U.S. Department of Health and Human Services: Tribal Behavioral Health Grant – Native ConnectionsDeadline: June 22, 2018
The Tribal Behavioral Health Grant (Native Connections) works to prevent and reduce suicidal behavior and substance abuse, reduce the impact of trauma, and promote mental health among American Indian/Alaska Native (AI/AN) young people up to and including age 24. Native Connections is intended to reduce the impact of mental and substance use disorders, foster culturally responsive models that reduce and respond to the impact of trauma in AI/AN communities, and allow AI/AN communities to facilitate collaboration among agencies to support youth as they transition into adulthood. Required activities include to:
- Conduct a Community System Analysis, a Community Needs Assessment, a Community Readiness Assessment; and create a Community Resource/Asset Map that addresses suicide prevention, substance use prevention, and mental health disorders.
- Develop policies and procedures to promote coordination among youth-serving agencies.
- Develop and/or revise protocols to ensure that youth at risk for suicide, including those who attempt suicide and use substances, receive follow-up services to ease their transition into treatment.
- Develop and/or revise “postvention” protocols for responding to suicides, suicide attempts, and suicide clusters to promote community healing and reduce the possibility of contagion (i.e., suicides following and connected to an initial suicide). The protocols should reflect the traditions and culture of the tribe, tribal organization, or consortia of tribes or tribal organizations, or that are incorporated into urban Indian programs.
- Develop and implement an action plan that addresses one, two, or three tiers of prevention and intervention strategies.
- Ensure that community members are involved in guiding all grant activities, including planning, plan implementation, and evaluation. For the duration of the grant, applicants must solicit the input of an existing (or create a) youth advisory council for guidance, feedback, and review of the applicant’s efforts.
Tiers of prevention and intervention strategies are: 1) Universal prevention strategies, which focus on reducing risk and increasing resilience for youth through the age of 24 regardless of risk for suicide or substance use; 2) Selective prevention and intervention strategies, which focus on delivering selective prevention and intervention services to youth through the age of 24 who may have greater needs than the general population (e.g., the risk of suicide and/or substance use is much higher than average); and 3) Indicated prevention and intervention strategies focus on implementing interventions to youth through the age of 24 whose needs have not been adequately addressed by the previous two tiers of service delivery (e.g., youth who are at high risk for suicide and/or substance use, youth who have already attempted suicide, and youth who may be using or misusing substances).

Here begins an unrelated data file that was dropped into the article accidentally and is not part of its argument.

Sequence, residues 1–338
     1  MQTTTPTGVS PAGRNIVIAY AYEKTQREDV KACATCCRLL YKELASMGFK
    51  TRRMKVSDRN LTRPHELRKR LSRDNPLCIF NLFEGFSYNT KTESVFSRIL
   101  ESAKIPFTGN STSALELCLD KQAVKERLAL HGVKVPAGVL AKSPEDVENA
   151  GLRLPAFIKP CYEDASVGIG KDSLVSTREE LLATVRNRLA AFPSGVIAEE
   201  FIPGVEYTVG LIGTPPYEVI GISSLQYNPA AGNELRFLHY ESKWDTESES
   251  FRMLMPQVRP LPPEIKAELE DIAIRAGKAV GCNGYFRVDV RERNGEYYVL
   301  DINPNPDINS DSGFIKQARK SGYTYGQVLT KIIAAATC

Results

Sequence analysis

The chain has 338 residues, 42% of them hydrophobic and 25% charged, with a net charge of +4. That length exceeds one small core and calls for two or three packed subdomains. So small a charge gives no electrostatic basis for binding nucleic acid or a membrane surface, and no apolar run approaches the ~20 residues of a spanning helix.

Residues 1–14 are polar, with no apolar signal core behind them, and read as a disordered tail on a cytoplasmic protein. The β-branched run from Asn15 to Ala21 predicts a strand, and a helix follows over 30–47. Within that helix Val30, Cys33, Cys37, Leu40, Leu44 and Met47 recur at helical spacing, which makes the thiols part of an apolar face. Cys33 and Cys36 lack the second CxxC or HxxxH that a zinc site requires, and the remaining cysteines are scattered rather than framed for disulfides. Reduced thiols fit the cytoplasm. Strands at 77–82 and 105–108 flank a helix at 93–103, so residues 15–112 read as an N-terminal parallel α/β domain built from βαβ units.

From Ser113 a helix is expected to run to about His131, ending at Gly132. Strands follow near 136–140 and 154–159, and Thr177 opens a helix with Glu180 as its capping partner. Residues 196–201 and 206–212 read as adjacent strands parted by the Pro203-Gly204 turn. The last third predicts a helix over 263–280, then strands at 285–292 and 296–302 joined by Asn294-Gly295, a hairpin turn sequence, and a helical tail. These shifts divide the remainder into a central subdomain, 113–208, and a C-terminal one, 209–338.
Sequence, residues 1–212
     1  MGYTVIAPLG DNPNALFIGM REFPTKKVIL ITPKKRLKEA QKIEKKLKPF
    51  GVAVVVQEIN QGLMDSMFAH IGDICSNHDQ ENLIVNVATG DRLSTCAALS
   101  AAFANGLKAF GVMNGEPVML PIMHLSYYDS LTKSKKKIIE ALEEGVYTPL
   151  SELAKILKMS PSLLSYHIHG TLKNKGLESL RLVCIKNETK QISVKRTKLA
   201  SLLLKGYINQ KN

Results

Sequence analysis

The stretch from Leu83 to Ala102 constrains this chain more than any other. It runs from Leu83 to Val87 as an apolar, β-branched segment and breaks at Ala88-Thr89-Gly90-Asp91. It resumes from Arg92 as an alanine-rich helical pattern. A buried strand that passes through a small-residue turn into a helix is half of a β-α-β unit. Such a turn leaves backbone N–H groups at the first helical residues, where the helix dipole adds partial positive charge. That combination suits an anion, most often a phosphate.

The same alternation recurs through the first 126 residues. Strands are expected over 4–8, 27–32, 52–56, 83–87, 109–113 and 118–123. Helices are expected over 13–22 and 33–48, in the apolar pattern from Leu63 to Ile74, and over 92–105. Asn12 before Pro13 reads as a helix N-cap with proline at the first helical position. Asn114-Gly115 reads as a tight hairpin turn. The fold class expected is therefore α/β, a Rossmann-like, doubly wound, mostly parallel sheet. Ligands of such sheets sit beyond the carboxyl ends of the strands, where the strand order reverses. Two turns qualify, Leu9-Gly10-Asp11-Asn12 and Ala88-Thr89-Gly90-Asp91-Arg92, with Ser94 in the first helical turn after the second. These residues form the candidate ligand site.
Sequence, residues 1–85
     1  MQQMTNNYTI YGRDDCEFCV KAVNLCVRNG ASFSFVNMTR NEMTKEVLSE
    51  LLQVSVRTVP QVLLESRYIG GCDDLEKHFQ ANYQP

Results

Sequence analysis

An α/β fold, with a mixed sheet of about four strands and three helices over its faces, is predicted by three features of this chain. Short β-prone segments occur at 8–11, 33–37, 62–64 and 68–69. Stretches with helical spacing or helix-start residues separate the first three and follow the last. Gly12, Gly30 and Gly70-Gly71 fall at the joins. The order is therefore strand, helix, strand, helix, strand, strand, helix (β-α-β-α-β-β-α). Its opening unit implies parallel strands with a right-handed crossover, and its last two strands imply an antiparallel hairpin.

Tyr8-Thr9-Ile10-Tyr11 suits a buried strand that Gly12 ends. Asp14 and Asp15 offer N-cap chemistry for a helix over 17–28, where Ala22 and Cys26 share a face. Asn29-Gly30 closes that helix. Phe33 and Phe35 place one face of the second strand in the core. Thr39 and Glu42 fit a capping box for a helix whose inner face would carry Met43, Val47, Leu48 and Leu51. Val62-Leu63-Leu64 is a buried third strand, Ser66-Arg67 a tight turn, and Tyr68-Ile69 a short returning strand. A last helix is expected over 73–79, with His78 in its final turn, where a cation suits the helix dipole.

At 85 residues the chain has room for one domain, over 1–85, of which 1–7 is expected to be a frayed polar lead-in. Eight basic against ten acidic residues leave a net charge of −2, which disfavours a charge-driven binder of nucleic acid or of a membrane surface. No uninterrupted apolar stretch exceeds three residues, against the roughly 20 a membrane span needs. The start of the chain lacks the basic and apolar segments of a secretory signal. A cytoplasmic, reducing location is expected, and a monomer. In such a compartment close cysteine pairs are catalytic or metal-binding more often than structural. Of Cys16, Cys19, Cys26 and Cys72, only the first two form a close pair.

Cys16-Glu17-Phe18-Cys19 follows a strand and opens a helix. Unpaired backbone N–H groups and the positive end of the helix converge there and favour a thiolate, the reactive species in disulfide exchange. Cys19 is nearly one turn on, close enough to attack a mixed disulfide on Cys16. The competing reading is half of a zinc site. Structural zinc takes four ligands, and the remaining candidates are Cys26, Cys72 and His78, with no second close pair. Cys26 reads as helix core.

SAMHSA’s grants are intended to fund service or practices that have a demonstrated evidence base and that are appropriate for AI/AN populations. An evidence-based practice (EBP) refers to approaches to prevention or treatment that are validated by some form of documented research evidence. Both researchers and practitioners recognize that EBPs are essential to improving the effectiveness of treatment and prevention services in the behavioral health field.
SAMHSA realizes that EBPs have not been developed for all populations and/or service settings. However, in addition to traditional practices, applicants are expected to identify and use EBPs for the types of problems or disorders addressed in the application to the extent practicable. Grant application reviewers will closely examine proposed interventions for evidence base and appropriateness.
Amount: A total of $7,523,716 is available to make up to 30 awards of up to $250,000 each, per year. The project period is for up to five years.
Eligibility: American Indian/Alaska Native tribes; tribal organizations; Urban Indian Organizations; and consortia of tribes or tribal organizations.
Note: An Urban Indian Organization (UIO), is defined at 25 U.S.C. § 1603(29), as operating pursuant to a contract or grant with the Indian Health Service, refers to a non-profit board of directors situated in an urban center, governed by an urban Indian-controlled Board of Directors, and providing for the maximum participation of all interested Indian groups and individuals whose body is capable of legally cooperating with other public and private entities for the purpose of performing the activities described in [25 U.S.C. § 1653(a)].